I plan our exit strategy in case things turn nasty in the night. Nowadays, I retain our inbound track on the chartplotter so that I can follow this back out, or, while things are still calm and it is easy to do, I lay down a revised route to follow.
There are various chartplotter functions and apps that can be set up to alarm if the boat drags. However, if these are based on a turning circle, they need to be activated over the spot where the anchor is dropped and not after the boat has come to rest. Instead, I use a function on my plotter that enables me to set an area limit, as opposed to a turning circle, that keeps us free of any hazards.
Occasionally, you will enter an anchorage with a foul bottom in which the anchor may snag something and prove very hard to retrieve. At such times, it pays to rig a trip line, which is a line from the head (crown) of the anchor, equal to the water depth at high tide, with a float attached to it. Should the anchor get fouled, heaving on the trip line will almost always break it loose.
If a trip line is used, it is attached to the anchor and then thrown out, together with its buoy, immediately before the anchor is let go. To avoid a tangle, you must ensure that the trip line has a fair lead through the bow roller and not around a stanchion.
While some people routinely use trip lines, we almost never do, considering them more trouble than they are worth most of the time. In practice, we have never had an anchor we could not retrieve without a trip line, although we have struggled mightily on a couple of occasions and wished we had one. (And on the one occasion when our rode abraded through and we lost the anchor, we would have been able to recover it with a trip line.) In a crowded anchorage it is sometimes worth adding a trip line and float simply to indicate where the anchor is so that other cruisers do not foul it when anchoring.
Dragging Anchor in Guatemala:
In 1989 we were exploring hot springs a mile or so inland from Lago de Izabal, Guatemala, where our 39-foot sloop Nada was lying to her 45-pound CQR on an all-chain rode in soft mud. Our children were quite young. Without warning, ferocious 40- to 50-knot winds came down off the mountain and a Mayan boy ran up to tell us Nada was blowing offshore. I rushed back to find her half a mile or more off the beach. We had a rowing dinghy, which was no use in those winds. Two guys in a cayuco—a big dugout canoe with a large outboard—offered me a ride. Nada was dragging beam-on to the steep seas that had sprung up, with the leeward side decks awash. The guys tried several times to maneuver alongside and get me on board but failed. Finally, they put me in the bow of the canoe and came at the leeward midships head on. A big wave caught us just as I was trying to jump off the bow. The cayuco went through the lifelines, banging my arm up in the process. (I suspected a fracture but it was just badly bruised.) I landed on the side deck, the cayuco slid off, and they left. I cranked the engine, got the anchor up with our manual Simpson Lawrence Sea Tiger windlass and tried to motor for the shore. But we only had a 30-horsepower engine and it was not powerful enough to get the bow into the wind. After repeated efforts I gave up and put the CQR back down, which continued to drag, and then a 44-pound Danforth, which also dragged, and finally, our heavy bronze fisherman anchor, which eventually stopped us. I had a very rough night on the boat while Terrie had to find someone on shore to take in her and the children. The following morning it all settled down. I got the anchors up and headed for the beach. Terrie and the children were waving excitedly at me just as I drove Nada onto an uncharted rock pile at 6 knots. The guys in the cayuco came back out and dragged me off.A year later we returned with a first-generation GPS unit. I wanted to get a good fix on that rock pile so I could add it to my charts. I found it by running right on top of it and getting stuck once again.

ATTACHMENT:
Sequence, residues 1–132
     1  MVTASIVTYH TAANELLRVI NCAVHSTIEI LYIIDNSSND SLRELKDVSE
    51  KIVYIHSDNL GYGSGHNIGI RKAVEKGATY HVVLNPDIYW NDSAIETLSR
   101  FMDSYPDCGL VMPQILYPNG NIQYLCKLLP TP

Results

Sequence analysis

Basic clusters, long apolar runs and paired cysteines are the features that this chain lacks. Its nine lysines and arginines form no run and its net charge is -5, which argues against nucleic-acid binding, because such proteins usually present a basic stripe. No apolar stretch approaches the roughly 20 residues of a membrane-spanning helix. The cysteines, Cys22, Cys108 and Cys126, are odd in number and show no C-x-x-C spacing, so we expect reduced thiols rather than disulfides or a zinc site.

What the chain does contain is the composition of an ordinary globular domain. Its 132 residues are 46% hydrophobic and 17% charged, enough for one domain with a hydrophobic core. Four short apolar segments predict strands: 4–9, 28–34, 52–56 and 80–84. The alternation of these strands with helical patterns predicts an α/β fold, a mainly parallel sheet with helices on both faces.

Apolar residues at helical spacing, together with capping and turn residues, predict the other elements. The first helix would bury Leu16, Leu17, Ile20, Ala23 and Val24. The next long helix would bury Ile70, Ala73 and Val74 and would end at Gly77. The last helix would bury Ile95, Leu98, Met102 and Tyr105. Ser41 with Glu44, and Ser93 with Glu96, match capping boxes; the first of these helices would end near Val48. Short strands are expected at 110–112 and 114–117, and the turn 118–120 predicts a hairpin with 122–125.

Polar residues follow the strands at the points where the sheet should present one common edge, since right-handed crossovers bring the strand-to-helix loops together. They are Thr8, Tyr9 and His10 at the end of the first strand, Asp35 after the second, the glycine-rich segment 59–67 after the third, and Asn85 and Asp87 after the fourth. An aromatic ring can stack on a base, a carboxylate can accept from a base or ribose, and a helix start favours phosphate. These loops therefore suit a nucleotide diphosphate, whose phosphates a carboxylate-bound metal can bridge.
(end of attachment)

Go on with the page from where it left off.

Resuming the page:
How Much Rode?
The general rule when anchoring is that with chain, the length of the rode (its scope) should be five times the distance from the bow of the boat to the seabed at the highest anticipated tide level. With nylon, the ratio is 7:1. In extreme conditions, these ratios may be increased to 7:1 and 10:1, respectively. In calm conditions they can be reduced, especially if lying to an all-chain rode in relatively deep water.
There are two key pieces of information here that are commonly ignored: the height above the water of the bow and the effect of the tide. Let’s assume the depth sounder is reading the actual depth and not the depth under the keel. We have 15 feet of water. The bow is 6 feet above the water. We are at mid-tide in an area with a 10-foot tide. If using an all-chain rode, in normal circumstances we need to let out 5 × (15 + 6 + 5) = 130 feet of chain; with a nylon rode this increases to 182 feet.